This PVD Based Holistic Dr's 5 Best Ways For You To Winterize Your Skin

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Our skin forms a barrier to the outside world. It also helps detoxify our bodies. It even breathes. Did you know our skin has 80% capacity to absorb oxygen from the air around us? It’s easy to take its beautiful design for granted, but keeping our skin healthy keeps us healthy. Here are some tips for nourishing, protecting, and moisturizing it this fall and winter.

1. Ingest Oils

In the 80’s and 90’s, fats were seen as the enemy. Luckily, for the good of our health, we’ve come around to embrace healthy fats. Omega-3 oils are the healthiest fats with a wide range of benefits. Our skin doesn’t make these oils, but they are vital to the health and flexibility of each one of our cells.

To supplement these oils, eat more dietary sources of Omega-3’s like salmon, sardines, and crushed flax seeds, or take a purified supplement guaranteed to be mercury-free. I opt for a high quality supplement since it takes the guess work out of making sure you prepare the food in just the right way (i.e., no high heat!) to preserve the oils.

Taking these oils benefits more than just your skin. They can help fight winter depression, lower triglycerides, and improve focus in ADHD.

2. Consider Vitamin D

Skin, like all organs, needs vitamins to function optimally, and Vitamin D is one of them. Our skin actually makes Vitamin D when it is exposed to sunlight. In the fall and winter, when the sun is lower in the sky, we just don’t get enough sun on our skin to make the Vitamin D we need. Most of our skin is covered and many of us wear sunscreen year round on the bit of our face that is not covered.

Because of this, I think Vitamin D is one of the most important supplements to take. It helps improve our overall health and optimizes immune function. It contributes to healthy skin cell growth, repair and metabolism. It also helps our mood. Many people can tolerate 2000+ IU Vitamin D-3 daily during the winter months, but you can also have your doctor check your levels to be sure supplements are right for you.

3. Humidify the Air

Keeping our environments warm in the winter increases dryness in the air and that dry air pulls the moisture out our skin. That toasty fire may look cozy and romantic, but the dryness it creates can adversely affect our skin. If exposed to wood burning stoves or fireplaces regularly, our skin becomes dry and inflamed. Remember that our skin breathes, so if it’s breathing in smoky air, it generally won’t be as healthy and will age faster. Even forced hot air heating systems can dry out our skin, so using a humidifier during the cold winter months replenishes moisture in the air and helps our skin stay healthy.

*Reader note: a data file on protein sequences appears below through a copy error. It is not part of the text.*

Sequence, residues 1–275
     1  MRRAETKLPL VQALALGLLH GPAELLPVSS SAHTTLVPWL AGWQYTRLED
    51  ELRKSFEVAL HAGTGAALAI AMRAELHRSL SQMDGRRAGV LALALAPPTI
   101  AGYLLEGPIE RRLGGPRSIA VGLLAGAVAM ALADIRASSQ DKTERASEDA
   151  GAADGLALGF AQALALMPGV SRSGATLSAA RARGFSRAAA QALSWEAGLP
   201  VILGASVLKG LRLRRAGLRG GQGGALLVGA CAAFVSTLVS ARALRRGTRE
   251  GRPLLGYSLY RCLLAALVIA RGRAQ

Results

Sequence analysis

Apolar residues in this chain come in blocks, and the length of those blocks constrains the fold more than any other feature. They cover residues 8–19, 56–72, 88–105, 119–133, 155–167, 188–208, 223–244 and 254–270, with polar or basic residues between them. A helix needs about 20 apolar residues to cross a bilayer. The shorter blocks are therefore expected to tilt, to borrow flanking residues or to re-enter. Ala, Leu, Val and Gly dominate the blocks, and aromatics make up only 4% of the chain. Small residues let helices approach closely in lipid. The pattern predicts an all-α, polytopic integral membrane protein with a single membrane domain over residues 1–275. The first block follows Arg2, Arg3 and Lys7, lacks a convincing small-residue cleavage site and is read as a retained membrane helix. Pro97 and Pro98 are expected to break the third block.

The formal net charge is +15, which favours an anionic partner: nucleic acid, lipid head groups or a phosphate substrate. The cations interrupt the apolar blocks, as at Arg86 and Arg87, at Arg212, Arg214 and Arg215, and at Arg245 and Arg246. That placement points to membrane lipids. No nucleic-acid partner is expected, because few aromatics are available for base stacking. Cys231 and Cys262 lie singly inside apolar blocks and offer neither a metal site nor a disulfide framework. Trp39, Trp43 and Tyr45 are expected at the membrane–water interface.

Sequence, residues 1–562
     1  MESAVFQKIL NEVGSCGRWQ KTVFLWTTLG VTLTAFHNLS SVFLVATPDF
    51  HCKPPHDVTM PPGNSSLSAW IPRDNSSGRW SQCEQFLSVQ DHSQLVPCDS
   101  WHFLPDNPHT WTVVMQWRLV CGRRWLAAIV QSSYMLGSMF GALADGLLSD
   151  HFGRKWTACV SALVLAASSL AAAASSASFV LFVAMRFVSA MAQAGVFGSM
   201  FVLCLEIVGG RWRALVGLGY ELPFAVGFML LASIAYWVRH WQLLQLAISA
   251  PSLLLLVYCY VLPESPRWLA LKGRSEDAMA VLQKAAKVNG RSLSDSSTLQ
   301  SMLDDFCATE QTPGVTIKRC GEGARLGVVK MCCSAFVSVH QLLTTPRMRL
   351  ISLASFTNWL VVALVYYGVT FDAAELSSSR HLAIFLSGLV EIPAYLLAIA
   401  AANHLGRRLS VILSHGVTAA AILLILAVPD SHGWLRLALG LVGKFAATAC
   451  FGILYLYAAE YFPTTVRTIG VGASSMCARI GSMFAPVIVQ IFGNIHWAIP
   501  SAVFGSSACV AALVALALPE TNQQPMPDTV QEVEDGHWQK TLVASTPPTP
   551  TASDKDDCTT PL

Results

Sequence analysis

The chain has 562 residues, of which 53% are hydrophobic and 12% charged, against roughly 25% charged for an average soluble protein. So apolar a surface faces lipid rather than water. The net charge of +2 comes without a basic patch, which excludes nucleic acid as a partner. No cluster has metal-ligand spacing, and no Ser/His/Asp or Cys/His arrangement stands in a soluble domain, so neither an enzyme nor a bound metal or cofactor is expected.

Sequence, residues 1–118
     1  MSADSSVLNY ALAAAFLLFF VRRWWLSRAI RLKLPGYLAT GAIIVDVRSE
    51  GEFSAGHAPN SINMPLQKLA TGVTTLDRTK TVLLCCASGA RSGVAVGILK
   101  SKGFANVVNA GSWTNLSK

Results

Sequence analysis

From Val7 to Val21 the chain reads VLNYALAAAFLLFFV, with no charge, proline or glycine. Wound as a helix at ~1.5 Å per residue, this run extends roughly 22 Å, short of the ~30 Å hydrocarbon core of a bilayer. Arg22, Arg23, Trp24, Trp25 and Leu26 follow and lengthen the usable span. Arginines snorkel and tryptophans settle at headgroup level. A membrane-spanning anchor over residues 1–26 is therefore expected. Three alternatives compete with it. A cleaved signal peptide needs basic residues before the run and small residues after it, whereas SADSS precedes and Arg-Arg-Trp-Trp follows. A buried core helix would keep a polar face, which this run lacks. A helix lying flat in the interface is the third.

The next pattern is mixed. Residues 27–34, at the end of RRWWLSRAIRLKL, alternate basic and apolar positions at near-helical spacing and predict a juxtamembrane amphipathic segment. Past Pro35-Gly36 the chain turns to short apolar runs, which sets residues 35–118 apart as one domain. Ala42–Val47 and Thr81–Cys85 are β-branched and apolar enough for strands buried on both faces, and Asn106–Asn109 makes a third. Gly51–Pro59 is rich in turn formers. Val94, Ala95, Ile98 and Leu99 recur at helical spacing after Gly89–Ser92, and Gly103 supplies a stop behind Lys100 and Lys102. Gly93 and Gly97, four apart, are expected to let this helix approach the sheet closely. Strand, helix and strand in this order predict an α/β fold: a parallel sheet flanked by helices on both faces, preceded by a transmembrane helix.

4. Moisturize

It’s also important to nourish your skin’s natural barrier. Rejuvenating our skin with products designed to repair and maintain the skin’s own moisture barrier is crucial to keep it performing well. This should include products with ceramides, cholesterol, and fatty acids which form the basic structure of our skin’s lipid barrier. Gentle exfoliation a couple times a week helps with skin cell turnover and promotes fresh and healthy skin.

Soap can be too drying for most of your skin, and you really don’t need to suds up unless your skin is visibly dirty. Over-washing disrupts the skins natural balance of bacteria that it needs to stay healthy, so be careful with the cleansers you choose.

5. Nourish Your Microbiome

Did you know that there are over a billion bacteria living on our skin? Collectively known as the Microbiome, some bacteria keeps our skin moisturized, some help our mood, and some help our immune system. Researchers are learning more and more about our Microbiome, and that we shouldn’t do things to disrupt it like eat too much sugar or take antibiotics (unless absolutely necessary).

To nourish your microbiome, eat a diet rich in fiber, eat natural sources of probiotics like raw fermented vegetables (pickled cucumbers, kimchi, or beets usually found in the refrigerated section of your natural grocery store), and eat less sugar. By nourishing your gut health, you nourish your skin health. It’s all connected.

If after all of these tips your skin is still dry (or itchy), consider trying Traditional Chinese Medicine (TCM). In TCM, there are several reasons why a person might have dry skin, itchy patches, or red spots. Individualized, time-tested herbal prescriptions are solutions for skin conditions without side effects...Actually there are some common side effects - feeling healthier, less bloated, sleeping better, and more. Because TCM treats a person holistically, your overall health improves!

More About Dr. Dilks

Mary Claire Dilks is a licensed Doctor of Acupuncture and Oriental Medicine/Chinese Herbs and owns Emerging Energy Acupuncture, located in the Jewelry District in Providence. In practice for over 13 years, Dr. Dilks completed a year long advanced herbal training in Dermatology with a world renowned herbalist from the UK. She also makes natural skin care and aromatherapy products, and has been named Best of Rhode Island (“Best Inner Healing”) by Rhode Island Monthly.

Site: www.emergingenergy.net

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*The original version of this post appeared on the blog during the fall of 2017.